Room for Argument
But not on some things
There are a lot of things that I think are fun to argue about. Some of them are incredibly low-stakes and yet still get me fired up.
For instance, a couple of years ago, I was in a Facebook group that did March Madness-style brackets for genres of food. Based on the fecklessness of so-called democracy, cinnamon rolls won as “best brunch food.” I was livid. I’m still livid.
NO ONE orders cinnamon rolls for brunch. Brunch is when you order bananas Foster pancakes or chicken and waffles or eggs Benedict or crab cakes with poached eggs or a chili-cheese omelet. A cinnamon roll is what you grab at a coffee shop when you’re going to be late for work but you stop anyway to treat yourself. If you make cinnamon rolls, plural, that’s appropriate for feeding a bunch of kids after hosting a sleepover. You might pick up a cinnamon roll to round out your dozen when also getting some glazed and filled donuts. But for crying out loud, people, IF YOU GET CINNAMON ROLLS AT BRUNCH, YOU’RE BRUNCHING WRONG.
Look, to me, cinnamon rolls are a complete waste of calories. I always go salty over sweet, and cinnamon is not really my favorite spice on the spice rack. But even if you LOVE cinnamon rolls, if you’re being honest with yourself, they’re just not a brunch menu staple.
I will – and did – argue that case vehemently.
But when it comes to arguing other points on Facebook – is racism real? is COVID-19 a liberal hoax? why should I wear a mask? – I just don’t have the mental energy.
I’ve seen people insisting that masks cause carbon dioxide poisoning. That 5G is spreading COVID-19. That they don’t see color.
I’m not interested in engaging in any of those debates. They’re not worth defending, and at the end of it all, no one’s minds will be changed.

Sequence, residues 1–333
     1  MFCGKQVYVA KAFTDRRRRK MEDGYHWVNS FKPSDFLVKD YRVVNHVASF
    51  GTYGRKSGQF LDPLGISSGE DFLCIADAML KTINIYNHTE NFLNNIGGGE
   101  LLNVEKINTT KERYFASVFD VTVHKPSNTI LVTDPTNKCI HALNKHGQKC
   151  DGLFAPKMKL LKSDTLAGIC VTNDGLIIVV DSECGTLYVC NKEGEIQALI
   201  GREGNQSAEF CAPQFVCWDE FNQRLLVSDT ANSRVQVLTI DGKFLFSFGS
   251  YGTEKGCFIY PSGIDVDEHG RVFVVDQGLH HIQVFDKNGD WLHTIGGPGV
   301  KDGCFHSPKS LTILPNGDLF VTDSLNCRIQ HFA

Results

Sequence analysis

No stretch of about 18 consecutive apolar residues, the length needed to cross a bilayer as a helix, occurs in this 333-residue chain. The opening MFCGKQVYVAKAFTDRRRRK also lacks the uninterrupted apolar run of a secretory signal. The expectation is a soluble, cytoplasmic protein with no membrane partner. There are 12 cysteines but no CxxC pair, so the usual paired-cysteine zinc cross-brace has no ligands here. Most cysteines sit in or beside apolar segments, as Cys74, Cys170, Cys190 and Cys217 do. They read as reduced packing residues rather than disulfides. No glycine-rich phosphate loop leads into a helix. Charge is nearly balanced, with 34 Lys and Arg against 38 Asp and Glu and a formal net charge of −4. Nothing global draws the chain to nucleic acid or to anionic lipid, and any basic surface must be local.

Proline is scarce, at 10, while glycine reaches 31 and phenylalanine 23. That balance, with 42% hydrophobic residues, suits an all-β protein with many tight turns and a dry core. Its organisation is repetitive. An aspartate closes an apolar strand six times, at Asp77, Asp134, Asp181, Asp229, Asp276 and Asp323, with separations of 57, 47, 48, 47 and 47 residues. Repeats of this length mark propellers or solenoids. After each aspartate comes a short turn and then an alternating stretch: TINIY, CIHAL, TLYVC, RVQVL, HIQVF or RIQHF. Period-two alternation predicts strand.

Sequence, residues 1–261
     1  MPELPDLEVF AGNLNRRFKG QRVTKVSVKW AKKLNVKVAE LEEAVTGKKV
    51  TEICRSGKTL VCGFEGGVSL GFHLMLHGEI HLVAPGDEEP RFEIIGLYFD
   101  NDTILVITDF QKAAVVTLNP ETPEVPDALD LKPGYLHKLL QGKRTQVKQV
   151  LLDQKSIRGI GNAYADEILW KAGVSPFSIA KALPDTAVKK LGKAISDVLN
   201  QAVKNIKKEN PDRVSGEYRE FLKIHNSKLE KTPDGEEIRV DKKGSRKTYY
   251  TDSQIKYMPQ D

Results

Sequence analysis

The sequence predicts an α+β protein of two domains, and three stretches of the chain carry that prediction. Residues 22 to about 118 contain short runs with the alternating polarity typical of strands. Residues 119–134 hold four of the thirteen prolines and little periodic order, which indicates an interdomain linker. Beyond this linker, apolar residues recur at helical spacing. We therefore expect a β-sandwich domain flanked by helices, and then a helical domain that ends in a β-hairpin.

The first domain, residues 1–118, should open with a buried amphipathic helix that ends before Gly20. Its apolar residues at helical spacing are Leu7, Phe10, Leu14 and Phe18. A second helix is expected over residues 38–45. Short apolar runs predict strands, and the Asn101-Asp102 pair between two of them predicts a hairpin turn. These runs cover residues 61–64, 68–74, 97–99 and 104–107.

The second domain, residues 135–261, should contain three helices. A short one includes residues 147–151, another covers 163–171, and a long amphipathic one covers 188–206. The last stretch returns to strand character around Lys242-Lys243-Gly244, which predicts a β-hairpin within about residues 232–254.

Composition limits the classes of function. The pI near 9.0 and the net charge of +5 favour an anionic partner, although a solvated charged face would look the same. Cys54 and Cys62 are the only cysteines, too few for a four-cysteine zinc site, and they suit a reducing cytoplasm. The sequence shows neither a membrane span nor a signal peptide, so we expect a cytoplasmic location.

The first time I went out of the house after people really starting wearing masks, I will admit I teared up in line at Castellon’s Pharmacy. Watching a tiny kid in front of me bravely adjusting the elastics on his ears made me sad for how quickly anything can become normal and for how different the world looks now. But not wanting to wear a mask or see people in masks because you want the world to still be the same as it was back it February … dude, me too, but that’s magical thinking, and it doesn’t work.
Masks pretty clearly do seem to work, and even if they don’t, you’ve really lost nothing by wearing one. (No, not even your civil liberties.) I honestly don’t find masks uncomfortable, which is notable because I can’t stand scratchy tags, tight elastic, fabric around my wrists, socks with seams, pajamas with sleeves, pinchy shoes, or Spanx. But even if you do, I feel like most people can suck it up for 15 minutes in Rouses. Yes, there are people who genuinely can’t wear masks, and I respect and acknowledge that, but I think the majority of people not wearing masks right now just don’t WANT to.
If you’re anti-mask, I doubt that I’m going to find common ground with you on that issue, even if I beg you to think of my 82-year-old father who sometimes needs to leave his house even though I bring him groceries, prescriptions, and audiobooks at least once a day. Even if I tell you that my 8-year-old child with sensory issues can wear a mask to go to the doctor because she understands the concept of community and protecting others. Even if I try to share the science behind it.
If, however, you’d like to try to argue that cinnamon rolls are even a brunch food in the first place, let alone the SUPERIOR brunch food, please state your case in the comments.